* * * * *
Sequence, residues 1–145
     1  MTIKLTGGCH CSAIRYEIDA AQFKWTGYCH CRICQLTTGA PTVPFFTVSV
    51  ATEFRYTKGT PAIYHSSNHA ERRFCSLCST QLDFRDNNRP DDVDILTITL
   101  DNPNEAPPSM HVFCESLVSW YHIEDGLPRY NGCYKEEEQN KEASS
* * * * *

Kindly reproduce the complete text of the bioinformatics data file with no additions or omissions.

Sequence, residues 1–145
     1  MTIKLTGGCH CSAIRYEIDA AQFKWTGYCH CRICQLTTGA PTVPFFTVSV
    51  ATEFRYTKGT PAIYHSSNHA ERRFCSLCST QLDFRDNNRP DDVDILTITL
   101  DNPNEAPPSM HVFCESLVSW YHIEDGLPRY NGCYKEEEQN KEASS